Softball world mourning Taylor’s death
According to whomever you talked to in Bellaire Monday night, the word of Ben Taylor’s passing was on everybody’s minds.
Probably none more than long-time friends and coaching compadres Jerry Magistro and Neal Johnson, both of whom spent many hours on the 42nd Street diamond in the middle of the All-American Village, which is now known as Amanda’s Field in honor of Amanda Rosepapa, with Taylor.
“Ben was a great man and the kids loved him,” Magistro said prior to the start of the Bellaire vs. St. John Central girls’ basketball game inside the SJC Greenhouse.
A moment of silence was held prior to the tip-off.
Taylor, who died Sunday after a lengthy battle with Lou Gehrig’s Disease (ALS), is known as being the pioneer of girls’ fast-pitch softball in the Ohio Valley.
“He lived and loved softball,” Magistro continued, choking back tears at times.
“He was the one that got these league’s started around here. Three-hundred and 65 days a year, every weekend he was taking girls to tournaments around the tri-state.”
However, Magistro said as much as Taylor prepared the girls for softball, he also prepared for what was ahead in life.
“He was even more than a softball coach, he was a mentor to some of the girls,” Magistro added.
Johnson said it didn’t matter what school the girls were from, either, although he had very strong ties to the Lady Irish program.
“Whatever any kids needed, he do it,” Johnson said. “It didn’t matter whether it was a kid from Indian Creek, Steubenville Central, Wheeling Park, whatever.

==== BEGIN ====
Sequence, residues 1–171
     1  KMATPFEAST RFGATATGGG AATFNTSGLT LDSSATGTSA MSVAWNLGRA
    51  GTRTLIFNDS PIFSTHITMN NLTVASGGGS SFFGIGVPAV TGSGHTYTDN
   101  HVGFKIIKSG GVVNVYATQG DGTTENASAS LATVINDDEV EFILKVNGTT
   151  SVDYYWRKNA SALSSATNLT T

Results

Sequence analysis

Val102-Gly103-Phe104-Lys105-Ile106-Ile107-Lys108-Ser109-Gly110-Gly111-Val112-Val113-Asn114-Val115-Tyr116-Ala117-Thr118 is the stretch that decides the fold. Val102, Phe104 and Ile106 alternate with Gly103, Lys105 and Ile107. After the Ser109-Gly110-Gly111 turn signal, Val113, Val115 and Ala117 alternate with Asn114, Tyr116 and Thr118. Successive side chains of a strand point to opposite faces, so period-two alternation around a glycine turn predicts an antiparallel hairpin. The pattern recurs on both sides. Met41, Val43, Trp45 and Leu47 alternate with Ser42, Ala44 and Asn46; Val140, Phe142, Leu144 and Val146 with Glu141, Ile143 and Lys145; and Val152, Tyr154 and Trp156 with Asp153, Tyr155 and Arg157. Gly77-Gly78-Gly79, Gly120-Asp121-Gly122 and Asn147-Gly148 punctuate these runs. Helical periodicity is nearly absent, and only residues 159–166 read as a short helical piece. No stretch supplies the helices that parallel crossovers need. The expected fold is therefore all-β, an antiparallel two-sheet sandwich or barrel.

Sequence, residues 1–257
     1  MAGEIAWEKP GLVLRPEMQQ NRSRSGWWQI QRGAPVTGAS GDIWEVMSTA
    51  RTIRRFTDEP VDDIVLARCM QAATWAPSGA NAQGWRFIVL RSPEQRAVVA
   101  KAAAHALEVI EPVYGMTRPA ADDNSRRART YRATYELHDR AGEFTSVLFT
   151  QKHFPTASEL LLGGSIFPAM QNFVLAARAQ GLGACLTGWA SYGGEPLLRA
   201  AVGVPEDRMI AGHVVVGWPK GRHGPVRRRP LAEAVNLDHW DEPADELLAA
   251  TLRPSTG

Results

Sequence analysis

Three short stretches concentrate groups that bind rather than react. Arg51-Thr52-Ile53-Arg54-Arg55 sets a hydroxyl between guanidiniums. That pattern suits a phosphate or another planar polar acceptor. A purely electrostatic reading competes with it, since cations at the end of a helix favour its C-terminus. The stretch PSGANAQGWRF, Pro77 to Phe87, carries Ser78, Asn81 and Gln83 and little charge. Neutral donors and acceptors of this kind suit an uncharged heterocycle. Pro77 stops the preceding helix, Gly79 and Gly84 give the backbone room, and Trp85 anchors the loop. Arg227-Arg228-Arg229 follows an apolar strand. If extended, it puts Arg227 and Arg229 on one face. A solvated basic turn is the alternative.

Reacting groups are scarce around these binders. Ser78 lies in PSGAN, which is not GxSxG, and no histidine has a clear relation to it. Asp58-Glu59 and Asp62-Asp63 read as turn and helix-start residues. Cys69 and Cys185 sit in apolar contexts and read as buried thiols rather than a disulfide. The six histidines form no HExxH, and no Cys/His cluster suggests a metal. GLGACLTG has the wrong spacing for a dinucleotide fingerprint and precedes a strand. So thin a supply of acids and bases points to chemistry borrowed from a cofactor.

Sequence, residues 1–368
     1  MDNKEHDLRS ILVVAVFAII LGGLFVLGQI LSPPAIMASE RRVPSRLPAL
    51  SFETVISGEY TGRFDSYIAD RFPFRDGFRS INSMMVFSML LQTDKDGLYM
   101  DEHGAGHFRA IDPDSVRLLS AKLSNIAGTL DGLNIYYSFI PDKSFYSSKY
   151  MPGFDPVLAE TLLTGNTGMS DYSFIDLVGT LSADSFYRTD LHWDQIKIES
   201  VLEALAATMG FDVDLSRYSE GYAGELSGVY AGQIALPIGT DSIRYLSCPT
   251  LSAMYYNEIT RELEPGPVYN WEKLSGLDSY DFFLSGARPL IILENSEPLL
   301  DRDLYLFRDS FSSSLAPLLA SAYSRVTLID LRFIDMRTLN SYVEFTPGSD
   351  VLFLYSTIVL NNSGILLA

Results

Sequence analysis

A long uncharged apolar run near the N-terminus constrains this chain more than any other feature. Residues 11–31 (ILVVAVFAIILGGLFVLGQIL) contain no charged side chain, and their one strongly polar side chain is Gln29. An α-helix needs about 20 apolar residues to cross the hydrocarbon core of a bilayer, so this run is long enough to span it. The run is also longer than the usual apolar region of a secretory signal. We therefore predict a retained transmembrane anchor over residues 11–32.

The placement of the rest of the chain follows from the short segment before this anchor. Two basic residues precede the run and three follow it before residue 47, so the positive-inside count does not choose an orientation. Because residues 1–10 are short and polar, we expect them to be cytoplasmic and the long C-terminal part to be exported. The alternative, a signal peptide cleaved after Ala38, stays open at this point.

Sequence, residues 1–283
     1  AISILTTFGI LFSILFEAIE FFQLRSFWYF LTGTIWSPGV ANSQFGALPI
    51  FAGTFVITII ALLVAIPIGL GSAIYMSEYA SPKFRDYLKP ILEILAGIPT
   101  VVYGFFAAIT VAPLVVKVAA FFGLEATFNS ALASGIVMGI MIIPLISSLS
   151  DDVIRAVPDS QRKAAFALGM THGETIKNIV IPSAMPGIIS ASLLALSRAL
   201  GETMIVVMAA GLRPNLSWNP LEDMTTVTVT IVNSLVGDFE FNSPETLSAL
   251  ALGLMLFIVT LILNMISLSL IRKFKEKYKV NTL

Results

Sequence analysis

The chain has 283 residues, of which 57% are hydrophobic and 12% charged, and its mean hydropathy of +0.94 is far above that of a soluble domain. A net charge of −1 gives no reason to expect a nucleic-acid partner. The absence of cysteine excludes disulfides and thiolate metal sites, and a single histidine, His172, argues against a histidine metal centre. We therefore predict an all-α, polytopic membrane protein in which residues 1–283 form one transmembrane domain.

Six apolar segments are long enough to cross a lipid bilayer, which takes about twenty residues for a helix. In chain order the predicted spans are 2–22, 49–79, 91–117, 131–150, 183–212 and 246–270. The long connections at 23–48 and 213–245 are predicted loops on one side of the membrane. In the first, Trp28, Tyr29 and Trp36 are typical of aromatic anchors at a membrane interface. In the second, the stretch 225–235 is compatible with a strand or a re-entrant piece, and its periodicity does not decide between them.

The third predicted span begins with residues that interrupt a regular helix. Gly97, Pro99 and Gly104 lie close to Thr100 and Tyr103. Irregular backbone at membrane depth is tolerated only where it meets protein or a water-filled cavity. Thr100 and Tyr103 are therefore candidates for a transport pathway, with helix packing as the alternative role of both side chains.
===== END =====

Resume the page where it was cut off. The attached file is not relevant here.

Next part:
“It didn’t matter to Ben. He would do anything for that kid.”
Johnson also credited Taylor for his daughter’s achievements.
“Ben really did help my daughter (Megan),” Johnson said. “I give him all the credit for that.”
For all that Taylor has done for the sport in the Ohio Valley, it was only fitting that the No. 4 Field at the J.B. Chambers I-470 Complex in Elm Grove was re-named “Ben’s Field” in his honor during emotional ceremonies late last July.
“The field will be known as Ben’s Field for eternity,” Wheeling Recreation Department Executive Director Tom “Bear” Bechtel told the huge gathering on that sun-splashed day.
“I’ve been around fast-pitch softball since Day 1, and no one in the Ohio Valley, state of Ohio or the state of West Virginia has done more for the game than Ben has.
“We are really happy to name this field after Ben,” Bechtel added. “We are going to make some things happen here so that this is the nicest field up here with all the amenities.”
Personally, I got to meet Ben while covering girls’ softball when I wrote for other media outlets.
He was as easy to get along with as any other coach I’ve had the pleasure of meeting.
Two things I will always remember about Ben are his little ‘Black Book’ and his pitch counter.
The ‘Black Book’ was his scouting report on just about every player in the Ohio Valley, and some for his summer travel teams.
The Fighting Irish family lost a real fighter in Ben, but he was also a big giver!
Ben is survived by his wife, Jennifer, and their children, Amy, Alyson and Ben. They also have four grandchildrem, Ben, Noah, Caroline and Paige.
North can be reached at firstname.lastname@example.org